Banking expert says Kiwis' deposits would not be protected if NZ bank was to collapse

A banking expert says Kiwis' deposits would not currently be protected if a New Zealand bank was to collapse after a $300 billion American bank closed.

The collapse is the largest bank failure since the Global Financial Crisis in 2008 and comes after a rush of withdrawals from Silicon Valley Bank in California.

Tech companies have been primarily affected and Kiwi firm Rocket Lab had $38 million invested.

Massey University Banking Expert Claire Matthews told AM host Ryan Bridge that Silicon Valley Bank's failure "is a reminder that banks collapse and even big banks collapse".

Matthews said Silicon Valley Bank's collapse shows Aotearoa's banks are not immune to failure because it "is a very large bank compared to our New Zealand banks".

Matthews told AM profits made by banks are important because, in the case of a crisis, the bank is able to manage it. 

"Then they've got the capital and the buffer to draw on to make sure that they can continue to operate and that's why they need to make profit."

The banking expert said indications in the United States are that after the initial shock of its collapse, there isn't expected to be widely felt effects. 

"Even though it's quite a large bank it's quite a focused bank, it's a niche player and there's not expected to be widespread effects, so it's not likely to be any different in New Zealand."

Matthews said she hadn't heard of Silicon Valley Bank before it collapsed "which suggests that it's not a bank that a lot of people are dealing with".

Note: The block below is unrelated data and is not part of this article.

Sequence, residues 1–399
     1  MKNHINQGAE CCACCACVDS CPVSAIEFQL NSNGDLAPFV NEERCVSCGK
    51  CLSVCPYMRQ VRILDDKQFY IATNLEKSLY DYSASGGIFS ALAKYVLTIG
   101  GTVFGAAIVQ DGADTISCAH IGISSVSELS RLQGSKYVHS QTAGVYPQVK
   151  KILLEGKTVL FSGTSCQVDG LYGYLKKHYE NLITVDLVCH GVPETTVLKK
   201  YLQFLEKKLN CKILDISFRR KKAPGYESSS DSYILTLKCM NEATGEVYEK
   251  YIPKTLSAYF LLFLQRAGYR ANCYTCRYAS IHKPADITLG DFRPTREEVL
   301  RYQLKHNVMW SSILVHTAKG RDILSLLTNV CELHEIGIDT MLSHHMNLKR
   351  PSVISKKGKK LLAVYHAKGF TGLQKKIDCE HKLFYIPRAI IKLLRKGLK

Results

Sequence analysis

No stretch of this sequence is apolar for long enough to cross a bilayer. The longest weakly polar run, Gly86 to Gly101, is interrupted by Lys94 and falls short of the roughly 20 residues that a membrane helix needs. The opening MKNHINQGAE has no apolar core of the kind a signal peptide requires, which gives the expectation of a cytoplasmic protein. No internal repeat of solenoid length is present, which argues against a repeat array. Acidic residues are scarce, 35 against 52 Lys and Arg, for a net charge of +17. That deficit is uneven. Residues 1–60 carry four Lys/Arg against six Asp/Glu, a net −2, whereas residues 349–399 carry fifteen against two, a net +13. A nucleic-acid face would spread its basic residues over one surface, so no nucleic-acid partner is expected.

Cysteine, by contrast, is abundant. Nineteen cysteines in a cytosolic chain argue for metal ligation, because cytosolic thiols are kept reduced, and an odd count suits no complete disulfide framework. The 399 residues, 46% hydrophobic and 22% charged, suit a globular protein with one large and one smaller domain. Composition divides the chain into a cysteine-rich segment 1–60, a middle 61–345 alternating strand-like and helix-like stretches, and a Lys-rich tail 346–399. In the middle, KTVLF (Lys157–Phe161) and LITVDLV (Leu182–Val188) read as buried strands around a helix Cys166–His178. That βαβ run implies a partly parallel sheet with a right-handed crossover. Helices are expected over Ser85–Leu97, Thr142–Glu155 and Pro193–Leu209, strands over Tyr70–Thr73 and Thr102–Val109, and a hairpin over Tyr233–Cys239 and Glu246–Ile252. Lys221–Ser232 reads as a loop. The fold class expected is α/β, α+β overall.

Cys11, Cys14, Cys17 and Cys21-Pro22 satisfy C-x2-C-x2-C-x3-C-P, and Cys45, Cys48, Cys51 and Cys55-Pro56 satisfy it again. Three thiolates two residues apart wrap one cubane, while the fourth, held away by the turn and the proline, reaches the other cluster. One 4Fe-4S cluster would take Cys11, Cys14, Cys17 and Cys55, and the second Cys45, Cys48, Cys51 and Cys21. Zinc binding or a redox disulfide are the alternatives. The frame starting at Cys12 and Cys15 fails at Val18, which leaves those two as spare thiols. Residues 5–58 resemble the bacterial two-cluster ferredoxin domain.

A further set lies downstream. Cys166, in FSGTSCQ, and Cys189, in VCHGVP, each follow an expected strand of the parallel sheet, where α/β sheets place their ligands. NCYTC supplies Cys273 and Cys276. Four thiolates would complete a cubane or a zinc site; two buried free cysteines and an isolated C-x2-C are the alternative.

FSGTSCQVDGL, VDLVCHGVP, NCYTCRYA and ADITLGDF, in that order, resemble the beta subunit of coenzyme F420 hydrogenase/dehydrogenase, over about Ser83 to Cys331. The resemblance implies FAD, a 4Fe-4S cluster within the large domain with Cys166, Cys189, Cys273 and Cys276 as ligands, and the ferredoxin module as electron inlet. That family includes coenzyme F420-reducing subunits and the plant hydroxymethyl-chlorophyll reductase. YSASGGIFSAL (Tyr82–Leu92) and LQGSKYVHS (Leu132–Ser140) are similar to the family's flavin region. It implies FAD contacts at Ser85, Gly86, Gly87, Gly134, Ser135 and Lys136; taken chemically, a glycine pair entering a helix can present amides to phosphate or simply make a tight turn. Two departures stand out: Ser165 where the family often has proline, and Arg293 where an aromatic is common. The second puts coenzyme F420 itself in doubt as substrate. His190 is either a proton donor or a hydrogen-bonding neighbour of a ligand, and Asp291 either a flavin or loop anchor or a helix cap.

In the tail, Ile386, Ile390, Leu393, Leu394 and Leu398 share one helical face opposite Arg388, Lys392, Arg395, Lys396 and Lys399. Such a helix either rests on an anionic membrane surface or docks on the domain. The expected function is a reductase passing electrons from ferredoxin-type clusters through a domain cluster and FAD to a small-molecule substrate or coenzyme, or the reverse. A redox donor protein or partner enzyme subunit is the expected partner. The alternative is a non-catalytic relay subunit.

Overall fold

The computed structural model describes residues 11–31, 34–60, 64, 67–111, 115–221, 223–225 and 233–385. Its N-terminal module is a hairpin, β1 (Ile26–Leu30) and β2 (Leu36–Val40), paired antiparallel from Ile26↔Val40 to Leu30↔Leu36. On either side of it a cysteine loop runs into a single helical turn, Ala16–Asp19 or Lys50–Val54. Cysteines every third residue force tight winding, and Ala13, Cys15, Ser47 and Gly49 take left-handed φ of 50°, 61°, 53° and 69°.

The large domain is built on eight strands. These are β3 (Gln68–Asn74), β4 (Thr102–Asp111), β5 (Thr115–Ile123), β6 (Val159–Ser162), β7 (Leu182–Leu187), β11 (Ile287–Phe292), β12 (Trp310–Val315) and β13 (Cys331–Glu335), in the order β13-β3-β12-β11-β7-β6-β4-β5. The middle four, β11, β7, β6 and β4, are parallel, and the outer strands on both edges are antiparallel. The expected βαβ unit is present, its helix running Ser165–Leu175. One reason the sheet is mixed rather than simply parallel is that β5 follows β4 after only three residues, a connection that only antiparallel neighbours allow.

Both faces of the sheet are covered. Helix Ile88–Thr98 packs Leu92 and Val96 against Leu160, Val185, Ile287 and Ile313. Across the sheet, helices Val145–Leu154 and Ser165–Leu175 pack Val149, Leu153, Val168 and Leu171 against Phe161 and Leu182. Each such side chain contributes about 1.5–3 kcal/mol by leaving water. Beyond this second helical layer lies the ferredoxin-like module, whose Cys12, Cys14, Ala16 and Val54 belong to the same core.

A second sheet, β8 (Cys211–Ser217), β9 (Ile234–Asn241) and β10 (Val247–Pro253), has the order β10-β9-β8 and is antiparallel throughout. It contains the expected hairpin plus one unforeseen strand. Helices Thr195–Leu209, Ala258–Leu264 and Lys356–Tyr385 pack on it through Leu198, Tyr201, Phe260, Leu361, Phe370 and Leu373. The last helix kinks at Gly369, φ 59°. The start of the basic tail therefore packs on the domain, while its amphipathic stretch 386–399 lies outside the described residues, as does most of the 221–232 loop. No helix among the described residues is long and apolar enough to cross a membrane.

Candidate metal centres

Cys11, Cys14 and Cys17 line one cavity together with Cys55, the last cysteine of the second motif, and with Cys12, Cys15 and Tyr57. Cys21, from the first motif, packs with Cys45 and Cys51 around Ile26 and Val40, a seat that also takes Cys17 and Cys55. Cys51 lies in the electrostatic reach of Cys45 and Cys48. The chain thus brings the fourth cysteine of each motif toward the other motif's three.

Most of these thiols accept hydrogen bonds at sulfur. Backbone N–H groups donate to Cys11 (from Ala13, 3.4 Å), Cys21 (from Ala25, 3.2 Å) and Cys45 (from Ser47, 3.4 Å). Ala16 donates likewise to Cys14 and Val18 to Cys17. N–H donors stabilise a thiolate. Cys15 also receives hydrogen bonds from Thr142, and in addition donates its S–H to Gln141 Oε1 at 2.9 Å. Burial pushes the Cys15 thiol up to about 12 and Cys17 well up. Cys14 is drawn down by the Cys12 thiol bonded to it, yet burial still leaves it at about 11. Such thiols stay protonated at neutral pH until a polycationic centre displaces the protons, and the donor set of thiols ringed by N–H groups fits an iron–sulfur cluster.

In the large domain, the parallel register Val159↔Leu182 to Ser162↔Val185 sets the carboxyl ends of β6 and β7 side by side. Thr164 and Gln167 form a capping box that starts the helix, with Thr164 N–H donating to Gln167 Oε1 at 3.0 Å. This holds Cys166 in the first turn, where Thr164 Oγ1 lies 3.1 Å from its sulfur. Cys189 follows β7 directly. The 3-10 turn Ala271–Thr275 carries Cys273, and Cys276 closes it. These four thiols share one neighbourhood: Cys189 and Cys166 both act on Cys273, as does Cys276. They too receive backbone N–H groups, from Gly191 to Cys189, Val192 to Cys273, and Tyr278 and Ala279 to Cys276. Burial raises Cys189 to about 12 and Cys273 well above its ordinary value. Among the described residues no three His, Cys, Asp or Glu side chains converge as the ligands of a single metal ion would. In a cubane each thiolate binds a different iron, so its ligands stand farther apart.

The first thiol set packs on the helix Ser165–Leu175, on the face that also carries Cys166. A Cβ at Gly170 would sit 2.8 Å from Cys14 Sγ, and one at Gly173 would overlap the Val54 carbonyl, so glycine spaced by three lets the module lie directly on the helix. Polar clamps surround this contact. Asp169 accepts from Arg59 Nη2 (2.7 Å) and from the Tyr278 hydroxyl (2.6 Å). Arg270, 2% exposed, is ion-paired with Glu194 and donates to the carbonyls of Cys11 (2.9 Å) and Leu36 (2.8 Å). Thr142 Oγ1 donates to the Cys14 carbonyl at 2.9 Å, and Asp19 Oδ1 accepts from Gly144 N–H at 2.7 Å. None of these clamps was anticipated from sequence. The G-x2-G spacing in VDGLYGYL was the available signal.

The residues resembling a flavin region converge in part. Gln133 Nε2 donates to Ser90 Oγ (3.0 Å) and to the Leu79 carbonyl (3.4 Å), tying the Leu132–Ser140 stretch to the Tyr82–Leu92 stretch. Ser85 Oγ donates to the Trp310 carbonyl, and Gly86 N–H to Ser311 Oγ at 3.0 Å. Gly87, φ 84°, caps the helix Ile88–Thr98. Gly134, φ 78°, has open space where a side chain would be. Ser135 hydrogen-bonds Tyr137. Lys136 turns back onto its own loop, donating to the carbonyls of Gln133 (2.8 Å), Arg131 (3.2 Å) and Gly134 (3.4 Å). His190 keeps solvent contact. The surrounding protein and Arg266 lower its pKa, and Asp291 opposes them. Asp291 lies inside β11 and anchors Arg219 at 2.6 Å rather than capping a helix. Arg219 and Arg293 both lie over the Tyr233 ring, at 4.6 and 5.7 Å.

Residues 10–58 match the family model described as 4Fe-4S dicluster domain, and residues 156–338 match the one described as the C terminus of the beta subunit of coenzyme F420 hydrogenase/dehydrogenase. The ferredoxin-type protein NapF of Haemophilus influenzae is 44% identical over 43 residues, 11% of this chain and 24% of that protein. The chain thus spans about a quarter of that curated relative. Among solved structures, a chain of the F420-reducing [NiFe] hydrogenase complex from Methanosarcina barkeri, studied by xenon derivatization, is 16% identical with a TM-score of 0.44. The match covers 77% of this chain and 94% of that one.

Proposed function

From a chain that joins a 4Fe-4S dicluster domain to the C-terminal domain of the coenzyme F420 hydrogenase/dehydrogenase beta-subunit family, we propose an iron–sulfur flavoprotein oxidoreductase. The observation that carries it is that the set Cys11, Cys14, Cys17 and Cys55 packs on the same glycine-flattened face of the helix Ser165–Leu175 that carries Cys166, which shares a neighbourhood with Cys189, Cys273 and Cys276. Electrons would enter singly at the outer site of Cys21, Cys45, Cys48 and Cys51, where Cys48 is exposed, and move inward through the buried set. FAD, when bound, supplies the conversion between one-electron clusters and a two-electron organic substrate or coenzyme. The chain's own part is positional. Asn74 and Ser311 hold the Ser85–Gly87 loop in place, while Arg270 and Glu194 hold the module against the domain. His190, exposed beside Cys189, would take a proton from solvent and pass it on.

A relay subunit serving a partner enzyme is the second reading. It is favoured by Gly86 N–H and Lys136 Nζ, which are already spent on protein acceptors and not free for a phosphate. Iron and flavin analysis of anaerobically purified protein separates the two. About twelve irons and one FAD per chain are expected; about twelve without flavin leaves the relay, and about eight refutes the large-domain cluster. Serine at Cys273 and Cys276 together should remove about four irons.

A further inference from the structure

What would happen if a bank collapsed in NZ? 

Matthews told AM Kiwis' deposits would not currently be protected if a bank was to go into receivership and liquidation.

"Its loans which are its assets have to be sold, recovered, the funds got back and then the depositors are paid out and it all takes time."

In the case of a Kiwi bank collapsing, Matthews said all deposits would be frozen until the bank gets resolved.

Countries like the US and Australia have insurance for deposits of up to $250,000 and a Parliamentary bill due to be reported from select committee is considering $100,000. 

Matthews told AM while $100,000 seems "a little low" the idea of deposit insurance is to cover the bulk of people. 

"It's not expected to cover everything, people with larger amounts are expected to think about how they're doing banking and where they are putting their money a little bit more than somebody who has got less," Matthews said. 

"But it's about making sure most people can continue to operate when the bank fails."

Watch the full interview above.